A number of alumni admired Trump’s abilities in sports. Trump was on the squash team during his freshman year, according to interviews with alumni and a 1965 copy of the Maroon Yearbook. Alumni also said he was a force to be reckoned with in intramural football, but he never played for the school’s team.
Bob McMahon, GSB ’68, considered himself a friend of Trump’s as they both commuted from Queens. He told a story about how stunned he was when him and his friends first asked Trump to play football on Edward’s parade with them, and he was able to punt the ball “fifty yards in the air while wearing loafers.”
“We were always begging Donald to play with us,” said McMahon.
McMahon said Trump also got his first taste for the game of golf while attending Fordham, claiming he was with the future-president when he made his first hole-in-one.
During Trump’s time at both Fordham and UPenn, young men were drafted to fight in the Vietnam War, with exceptions for students and the injured. Trump was not conscripted into the military in order to continue his education, a normal deferment for college students at the time. He also avoided the draft after graduating college because of “bone spurs” in his heels.
Before arriving at Fordham, Trump attended New York Military Academy where he was named a captain in his senior year. He continued his military streak by joining ROTC during his freshman year, according to Malnati.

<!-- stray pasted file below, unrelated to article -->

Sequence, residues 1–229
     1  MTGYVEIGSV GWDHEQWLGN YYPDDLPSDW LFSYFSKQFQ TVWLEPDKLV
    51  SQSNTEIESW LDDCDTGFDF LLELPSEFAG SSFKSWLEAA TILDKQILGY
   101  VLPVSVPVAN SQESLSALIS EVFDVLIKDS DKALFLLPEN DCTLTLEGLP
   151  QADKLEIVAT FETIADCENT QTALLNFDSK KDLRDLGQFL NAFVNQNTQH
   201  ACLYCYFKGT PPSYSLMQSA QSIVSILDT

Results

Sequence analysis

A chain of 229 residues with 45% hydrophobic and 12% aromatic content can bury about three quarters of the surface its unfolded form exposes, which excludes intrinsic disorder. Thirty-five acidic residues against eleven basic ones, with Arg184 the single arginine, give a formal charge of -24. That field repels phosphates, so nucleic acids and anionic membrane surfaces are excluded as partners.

Malnati said Trump enjoyed ROTC at Fordham during his freshman year but quit during his sophomore year. How memorable Trump’s time in ROTC was remains a question.
Samuel Mok, GSB ‘68, participated in ROTC all throughout college and served in the army for five years after. Mok said he had “no recollection of Donald Trump being part of it at all,” but he also said that might have had to do with the fact that he was “the only non-white cadet then and all other guys look quite the same.”
By their second year, members of Fordham’s ROTC club must commit at least two years to military service after graduation, according to Mok, something Malnati said Trump did not want to do.
“All he said was, ‘I decided to leave,’” said Malnati. “He knew that all of those guys in ROTC would end up over there [in Vietnam].”
Malnati, a friend of Trump’s, said he was not surprised that Trump opted out of military service but understood why he did it. An unpopular war and mandatory service meant a lot of students were looking for a way out. In 1966, 382,010 men were drafted into the Army, which was the highest number at any point of the Vietnam war, according to the U.S. Selective Service System.
Trump had strong opinions in class and was never afraid to speak up, according to many of his acquaintances.
“My recollection is that Donald was a bright student and one who did not hesitate giving his opinion,” said David Coldrick, GSB ’68, who had class and played golf with Trump often.